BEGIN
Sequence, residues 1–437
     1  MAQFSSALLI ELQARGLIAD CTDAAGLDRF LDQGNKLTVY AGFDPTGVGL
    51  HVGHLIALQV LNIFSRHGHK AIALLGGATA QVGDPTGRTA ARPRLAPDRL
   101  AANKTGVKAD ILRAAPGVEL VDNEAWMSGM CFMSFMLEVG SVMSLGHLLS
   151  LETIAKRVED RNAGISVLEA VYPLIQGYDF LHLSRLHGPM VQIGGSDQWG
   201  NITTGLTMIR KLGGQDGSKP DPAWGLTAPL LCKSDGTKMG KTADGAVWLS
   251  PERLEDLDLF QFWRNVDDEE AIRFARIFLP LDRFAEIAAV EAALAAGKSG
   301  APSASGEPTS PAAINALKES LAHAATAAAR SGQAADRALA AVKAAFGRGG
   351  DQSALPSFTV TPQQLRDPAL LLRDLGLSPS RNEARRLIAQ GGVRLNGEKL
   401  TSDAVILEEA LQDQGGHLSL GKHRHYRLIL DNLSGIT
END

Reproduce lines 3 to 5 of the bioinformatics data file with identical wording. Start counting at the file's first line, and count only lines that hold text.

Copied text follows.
    51  HVGHLIALQV LNIFSRHGHK AIALLGGATA QVGDPTGRTA ARPRLAPDRL
   101  AANKTGVKAD ILRAAPGVEL VDNEAWMSGM CFMSFMLEVG SVMSLGHLLS
   151  LETIAKRVED RNAGISVLEA VYPLIQGYDF LHLSRLHGPM VQIGGSDQWG